On July 16, 2020, Governor Wolf’s new order went into effect further limiting the operating privileges of Pennsylvania’s hospitality businesses. The major changes are: (1) inside occupancy limited to 25% of capacity, (2) no on-premises alcohol sales without a “meal” as part of the transaction, and (3) indoor events are now limited to 25 people maximum including staff. » Read More

U.S. Department of Labor Issues New FMLA Forms and Guidance on Return-To-Work Issues

By Patrick T. Collins (Re: Labor and Employment Law, Family Leave, Medical Leave, Sick Time, Employee Benefits, Coronavirus Relief)

The U.S. Department of Labor (DOL) continues to be very active in providing information to the public. Last week, the DOL issued new optional forms that employers can use for the administration of leave under the Family and Medical Leave Act (FMLA). » Read More

“I Thought Groundhog Day Was in February?” Pennsylvania Governor Rewinds Clock Restricting the Operations of Bars and Restaurants to Mitigate the Spread of the Coronavirus

By David C. Berger (Re: Liquor Law, Food and Beverage, Hospitality, Restaurants, Bars, Hotels, Taverns, Breweries, Wineries, Distilleries, Pennsylvania)

On July 15, 2020, Governor Wolf announced new statewide mitigation efforts in response to the recent increase in coronavirus cases in the western part of the state. While these mitigation efforts were described as “surgical and targeted,” these new executive regulations affect all bars and restaurants throughout the Commonwealth despite as recent as last week the Governor announced that he would be leaving it up to the local governments to determine any further restrictions. » Read More

Building Owners Must Have a Plan

By Timothy P. McKeown (Re: Real Estate Law, Small Business, Landlord/Tenant Disputes, New Jersey)

Now that office workers are slowly beginning to return to the office – or anticipate doing so in the near future – it is critical for building owners with tenants to have in place a plan to protect the health and safety of workers and employees occupying the building. » Read More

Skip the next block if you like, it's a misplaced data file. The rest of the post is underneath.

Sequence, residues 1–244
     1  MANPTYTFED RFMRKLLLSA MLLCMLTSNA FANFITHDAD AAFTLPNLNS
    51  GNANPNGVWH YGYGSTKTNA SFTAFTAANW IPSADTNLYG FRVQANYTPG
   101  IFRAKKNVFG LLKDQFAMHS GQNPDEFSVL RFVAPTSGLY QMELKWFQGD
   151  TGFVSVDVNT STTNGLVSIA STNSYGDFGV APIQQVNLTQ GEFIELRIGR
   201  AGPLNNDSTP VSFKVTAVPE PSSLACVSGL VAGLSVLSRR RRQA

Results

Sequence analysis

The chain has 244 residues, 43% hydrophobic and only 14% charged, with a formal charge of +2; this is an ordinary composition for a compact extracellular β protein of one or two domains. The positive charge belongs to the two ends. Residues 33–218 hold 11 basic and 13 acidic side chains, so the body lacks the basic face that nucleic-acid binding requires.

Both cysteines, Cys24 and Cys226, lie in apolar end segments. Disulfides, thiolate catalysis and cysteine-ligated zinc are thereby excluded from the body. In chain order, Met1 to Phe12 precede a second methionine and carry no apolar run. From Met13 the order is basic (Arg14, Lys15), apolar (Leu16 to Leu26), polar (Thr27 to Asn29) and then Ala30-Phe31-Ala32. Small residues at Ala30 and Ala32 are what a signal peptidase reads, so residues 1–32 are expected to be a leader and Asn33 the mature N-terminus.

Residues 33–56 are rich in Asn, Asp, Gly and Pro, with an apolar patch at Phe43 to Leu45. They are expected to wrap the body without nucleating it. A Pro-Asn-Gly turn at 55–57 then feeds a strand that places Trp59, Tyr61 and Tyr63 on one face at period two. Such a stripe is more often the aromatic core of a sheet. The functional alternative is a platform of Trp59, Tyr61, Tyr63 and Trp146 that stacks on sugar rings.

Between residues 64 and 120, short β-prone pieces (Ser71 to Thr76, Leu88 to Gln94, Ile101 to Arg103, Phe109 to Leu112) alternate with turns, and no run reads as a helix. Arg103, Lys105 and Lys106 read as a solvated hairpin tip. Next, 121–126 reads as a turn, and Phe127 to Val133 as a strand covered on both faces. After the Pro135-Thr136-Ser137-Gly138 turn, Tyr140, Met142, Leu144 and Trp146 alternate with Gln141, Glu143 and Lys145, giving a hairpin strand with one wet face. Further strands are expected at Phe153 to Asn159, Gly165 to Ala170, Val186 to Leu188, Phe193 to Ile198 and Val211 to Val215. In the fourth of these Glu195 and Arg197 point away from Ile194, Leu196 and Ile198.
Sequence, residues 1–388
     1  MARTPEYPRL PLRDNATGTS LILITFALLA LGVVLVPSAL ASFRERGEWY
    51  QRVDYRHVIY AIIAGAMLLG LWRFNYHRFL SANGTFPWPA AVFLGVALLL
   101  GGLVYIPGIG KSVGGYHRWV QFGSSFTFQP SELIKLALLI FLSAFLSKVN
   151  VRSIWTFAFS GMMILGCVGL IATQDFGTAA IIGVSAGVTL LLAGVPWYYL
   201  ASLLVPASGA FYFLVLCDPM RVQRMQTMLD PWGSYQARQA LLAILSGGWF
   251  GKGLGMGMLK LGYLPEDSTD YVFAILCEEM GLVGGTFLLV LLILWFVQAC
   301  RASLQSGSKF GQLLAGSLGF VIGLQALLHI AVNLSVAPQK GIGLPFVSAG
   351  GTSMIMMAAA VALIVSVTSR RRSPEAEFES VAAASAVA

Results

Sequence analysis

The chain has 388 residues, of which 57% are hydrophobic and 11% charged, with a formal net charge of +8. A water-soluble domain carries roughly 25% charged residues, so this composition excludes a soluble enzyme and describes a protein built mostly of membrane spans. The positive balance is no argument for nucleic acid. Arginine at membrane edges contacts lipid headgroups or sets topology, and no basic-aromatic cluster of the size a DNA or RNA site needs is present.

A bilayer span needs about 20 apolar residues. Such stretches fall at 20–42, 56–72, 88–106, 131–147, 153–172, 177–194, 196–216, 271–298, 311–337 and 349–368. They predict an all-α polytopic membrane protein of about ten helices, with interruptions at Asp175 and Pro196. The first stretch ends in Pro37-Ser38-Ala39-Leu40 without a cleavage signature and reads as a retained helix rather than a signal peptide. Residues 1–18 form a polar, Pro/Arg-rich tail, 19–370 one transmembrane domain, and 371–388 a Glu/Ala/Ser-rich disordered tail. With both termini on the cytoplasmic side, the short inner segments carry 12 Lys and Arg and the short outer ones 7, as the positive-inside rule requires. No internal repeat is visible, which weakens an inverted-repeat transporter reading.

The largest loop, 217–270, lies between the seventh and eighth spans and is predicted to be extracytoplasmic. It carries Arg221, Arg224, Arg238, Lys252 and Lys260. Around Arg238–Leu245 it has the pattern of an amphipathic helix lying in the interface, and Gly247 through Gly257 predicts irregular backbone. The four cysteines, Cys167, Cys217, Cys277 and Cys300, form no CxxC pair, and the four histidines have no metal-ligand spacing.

Expanding Telehealth in a Post-COVID World

By David N. Vozza (Re: Health Care Law, Physicians, Telehealth, Patient Privacy)

In response to the COVID-19 epidemic, federal and state governments implemented numerous and expansive regulatory changes to ensure patients were provided access to required testing and treatments. One of the more important (and ultimately successful) regulatory changes was the temporary expansion of telehealth services. » Read More

Don’t Let Your Business Partner Use the Pandemic as an Excuse to Keep You in the Dark

By David C. Roberts (Re: Business Law, Minority Owners, Shareholder Disputes, Business Divorce Litigation, Minority Owners, New Jersey)

In many places, COVID-19 is making a comeback, or never actually left. But as far as an effective excuse to keep business partners in the dark, the pandemic has been hanging around for far too long. » Read More

Pennsylvania Governor Issues Additional Updated Guidance for Hospitality Businesses Conducting In-Person Service (Second Update)

By Benjamin R. MacLuckie, Matthew B. Andersen, and Theodore J. Zeller III (Re: Liquor Law, Food and Beverage, Hospitality, Restaurants, Dining, Delivery, Pennsylvania)

Recently, Governor Wolf and the PLCB issued guidance for hospitality businesses beginning to serve customers inside (green) or outside (green and yellow). We covered that guidance in our last blog post, “Pennsylvania Governor Issues Updated Guidance for Hospitality Businesses Conducting In-Person Service.” » Read More

EEOC: What You Should Know About COVID-19 and the ADA, the Rehabilitation Act, and Other EEO Laws